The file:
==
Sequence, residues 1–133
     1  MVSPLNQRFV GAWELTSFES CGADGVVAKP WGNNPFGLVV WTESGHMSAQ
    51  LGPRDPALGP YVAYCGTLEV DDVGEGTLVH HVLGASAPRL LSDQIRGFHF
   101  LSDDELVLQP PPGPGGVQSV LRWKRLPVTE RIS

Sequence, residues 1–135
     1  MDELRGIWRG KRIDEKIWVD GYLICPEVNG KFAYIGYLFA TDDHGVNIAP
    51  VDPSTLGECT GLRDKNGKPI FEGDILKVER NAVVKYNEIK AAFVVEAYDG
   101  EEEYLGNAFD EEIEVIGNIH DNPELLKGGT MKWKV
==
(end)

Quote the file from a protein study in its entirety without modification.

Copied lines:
Sequence, residues 1–133
     1  MVSPLNQRFV GAWELTSFES CGADGVVAKP WGNNPFGLVV WTESGHMSAQ
    51  LGPRDPALGP YVAYCGTLEV DDVGEGTLVH HVLGASAPRL LSDQIRGFHF
   101  LSDDELVLQP PPGPGGVQSV LRWKRLPVTE RIS

Sequence, residues 1–135
     1  MDELRGIWRG KRIDEKIWVD GYLICPEVNG KFAYIGYLFA TDDHGVNIAP
    51  VDPSTLGECT GLRDKNGKPI FEGDILKVER NAVVKYNEIK AAFVVEAYDG
   101  EEEYLGNAFD EEIEVIGNIH DNPELLKGGT MKWKV